When Fitbit acquired indie smartwatch maker Pebble at the end of 2016, it was clear from the beginning that it would be the end of the line for Pebble devices. In fact, Fitibit didn't even acquire Pebble's hardware assets. A year later, Fitbit seems determined to let Pebble's fiercely loyal userbase down easy — and to convert as many of them as possible into users of the company's fledgling smartwatch platform, the Fitbit Ionic.
In a blog post yesterday, Fitbit announced that it would extend cloud support of existing Pebble devices another six months, through June of this year. After that, as previously announced, devices will still function but many of the features, including voice recognition, third-party apps, and developer tools, will not.
"Pebble users are passionate about their smartwatches," the company wrote in its developer blog. "With that in mind, Fitbit is extending its support of the Pebble smartwatch ecosystem for six more months, to June 30, 2018. During this time, we invite the Pebble community to explore how familiar highlights from the Pebble ecosystem are evolving on the Fitbit platform, from apps and clock faces to features and experiences. We're thrilled to see hundreds of former Pebble developers already building with the Fitbit SDK, and look forward to helping more Pebble devs flex their creativity on a wearables platform that can reach millions of Fitbit users worldwide."
Additionally, as an incentive for users to migrate over to Ionic, the company is offering a $50 discount to any Pebble user who still has a device with a valid serial number.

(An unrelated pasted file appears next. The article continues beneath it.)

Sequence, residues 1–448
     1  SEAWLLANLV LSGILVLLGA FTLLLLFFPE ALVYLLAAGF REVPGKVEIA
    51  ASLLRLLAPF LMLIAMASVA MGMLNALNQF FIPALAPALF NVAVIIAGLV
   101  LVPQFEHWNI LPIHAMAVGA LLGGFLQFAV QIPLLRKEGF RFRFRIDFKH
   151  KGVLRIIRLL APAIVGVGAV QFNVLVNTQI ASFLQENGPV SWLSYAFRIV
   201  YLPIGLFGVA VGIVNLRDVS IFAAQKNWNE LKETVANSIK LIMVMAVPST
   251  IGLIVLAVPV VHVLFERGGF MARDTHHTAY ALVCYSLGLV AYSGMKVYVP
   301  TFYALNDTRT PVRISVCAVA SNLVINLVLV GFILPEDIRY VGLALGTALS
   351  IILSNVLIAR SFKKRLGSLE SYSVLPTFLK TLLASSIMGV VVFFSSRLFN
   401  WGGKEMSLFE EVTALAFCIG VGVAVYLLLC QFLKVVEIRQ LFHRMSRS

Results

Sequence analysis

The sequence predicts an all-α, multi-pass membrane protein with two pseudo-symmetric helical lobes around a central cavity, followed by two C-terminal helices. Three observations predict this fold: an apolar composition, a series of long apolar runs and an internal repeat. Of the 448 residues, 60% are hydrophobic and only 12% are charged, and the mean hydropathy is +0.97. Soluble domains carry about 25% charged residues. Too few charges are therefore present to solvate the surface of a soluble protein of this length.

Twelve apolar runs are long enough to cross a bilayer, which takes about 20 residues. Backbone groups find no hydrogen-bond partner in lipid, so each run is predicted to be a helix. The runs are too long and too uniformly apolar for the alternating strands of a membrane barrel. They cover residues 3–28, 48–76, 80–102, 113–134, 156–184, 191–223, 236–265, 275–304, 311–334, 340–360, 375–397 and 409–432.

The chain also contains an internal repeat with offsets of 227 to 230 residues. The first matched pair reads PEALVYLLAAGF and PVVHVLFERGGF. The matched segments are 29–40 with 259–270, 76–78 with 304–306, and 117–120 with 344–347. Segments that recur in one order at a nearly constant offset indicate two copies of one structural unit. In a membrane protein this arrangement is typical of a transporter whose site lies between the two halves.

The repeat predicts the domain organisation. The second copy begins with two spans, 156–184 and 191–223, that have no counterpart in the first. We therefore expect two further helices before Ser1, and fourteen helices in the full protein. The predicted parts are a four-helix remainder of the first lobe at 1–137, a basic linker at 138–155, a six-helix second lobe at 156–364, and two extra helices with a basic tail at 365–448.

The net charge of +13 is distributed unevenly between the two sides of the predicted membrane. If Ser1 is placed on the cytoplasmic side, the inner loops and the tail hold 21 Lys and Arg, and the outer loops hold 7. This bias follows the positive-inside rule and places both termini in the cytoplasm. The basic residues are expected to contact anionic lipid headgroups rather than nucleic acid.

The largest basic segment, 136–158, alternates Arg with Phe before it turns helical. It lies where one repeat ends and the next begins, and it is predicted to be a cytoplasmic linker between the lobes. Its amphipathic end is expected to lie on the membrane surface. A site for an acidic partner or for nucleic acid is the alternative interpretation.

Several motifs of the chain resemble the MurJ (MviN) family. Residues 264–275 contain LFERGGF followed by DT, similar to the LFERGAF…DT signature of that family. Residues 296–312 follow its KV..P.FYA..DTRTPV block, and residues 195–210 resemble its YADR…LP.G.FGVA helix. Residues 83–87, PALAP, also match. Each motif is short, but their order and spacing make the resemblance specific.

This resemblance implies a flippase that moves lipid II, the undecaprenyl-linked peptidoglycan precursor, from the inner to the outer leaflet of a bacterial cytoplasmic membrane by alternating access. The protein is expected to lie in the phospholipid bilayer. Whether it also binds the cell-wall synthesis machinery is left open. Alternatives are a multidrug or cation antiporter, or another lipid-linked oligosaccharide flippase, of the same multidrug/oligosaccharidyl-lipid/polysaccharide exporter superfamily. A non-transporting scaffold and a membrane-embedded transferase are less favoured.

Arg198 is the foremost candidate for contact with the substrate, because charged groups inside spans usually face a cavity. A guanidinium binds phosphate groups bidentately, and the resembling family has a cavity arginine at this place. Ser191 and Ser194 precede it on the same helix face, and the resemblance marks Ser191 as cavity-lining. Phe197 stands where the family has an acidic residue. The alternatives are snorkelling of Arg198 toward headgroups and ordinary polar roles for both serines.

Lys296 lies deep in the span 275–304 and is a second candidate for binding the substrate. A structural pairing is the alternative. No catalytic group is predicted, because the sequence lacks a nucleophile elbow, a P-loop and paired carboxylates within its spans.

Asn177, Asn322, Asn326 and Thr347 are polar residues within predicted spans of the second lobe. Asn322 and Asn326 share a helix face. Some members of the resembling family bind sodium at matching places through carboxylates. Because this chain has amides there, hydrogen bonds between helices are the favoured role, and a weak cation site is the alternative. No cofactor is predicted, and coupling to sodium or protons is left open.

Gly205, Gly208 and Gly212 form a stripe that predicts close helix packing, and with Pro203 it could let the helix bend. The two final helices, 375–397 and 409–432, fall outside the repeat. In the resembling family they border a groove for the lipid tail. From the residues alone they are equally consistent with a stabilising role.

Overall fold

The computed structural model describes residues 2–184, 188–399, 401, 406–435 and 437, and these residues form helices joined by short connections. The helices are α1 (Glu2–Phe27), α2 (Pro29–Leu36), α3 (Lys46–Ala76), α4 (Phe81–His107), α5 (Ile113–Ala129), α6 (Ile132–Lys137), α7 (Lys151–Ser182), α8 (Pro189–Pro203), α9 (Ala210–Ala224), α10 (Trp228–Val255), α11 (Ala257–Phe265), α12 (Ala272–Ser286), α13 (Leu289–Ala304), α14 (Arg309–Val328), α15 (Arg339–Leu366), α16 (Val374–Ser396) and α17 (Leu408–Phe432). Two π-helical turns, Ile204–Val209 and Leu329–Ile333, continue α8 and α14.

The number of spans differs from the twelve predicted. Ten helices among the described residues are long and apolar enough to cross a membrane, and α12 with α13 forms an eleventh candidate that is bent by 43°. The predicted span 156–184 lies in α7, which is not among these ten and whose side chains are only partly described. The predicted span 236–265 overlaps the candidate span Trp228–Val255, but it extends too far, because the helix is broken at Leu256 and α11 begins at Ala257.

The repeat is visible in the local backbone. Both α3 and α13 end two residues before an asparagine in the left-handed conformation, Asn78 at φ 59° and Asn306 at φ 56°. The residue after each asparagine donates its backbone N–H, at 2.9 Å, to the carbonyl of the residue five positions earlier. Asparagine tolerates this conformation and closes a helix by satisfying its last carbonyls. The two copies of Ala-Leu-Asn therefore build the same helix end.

Fitbit recognizes that while discounts and extensions can build good will, the most surefire way to hang on to Pebble users, as well as attract new users, is to nurture a watch app ecosystem that rivals Pebble's (as well as that of the elephant in the room, Apple). We featured 11 health and fitness apps for the Ionic last month, but Fitbit and its third party developer community continue to work on more.
On the same day as the Pebble post, Fitbit , a contest designed to promote more app development on the platform. Two of the three categories for the contest were "Health and Wellness" and "Sports and Fitness", and the grand prize winner was an app for high-intensity interval training.
Other winners included a hydration tracking app, a medication adherence app, a brain-training game on the watch, two advanced run tracking apps, and an app for swimmers. Another app let users take a picture of the bar code on their CVS card, and then use the watch screen at the store.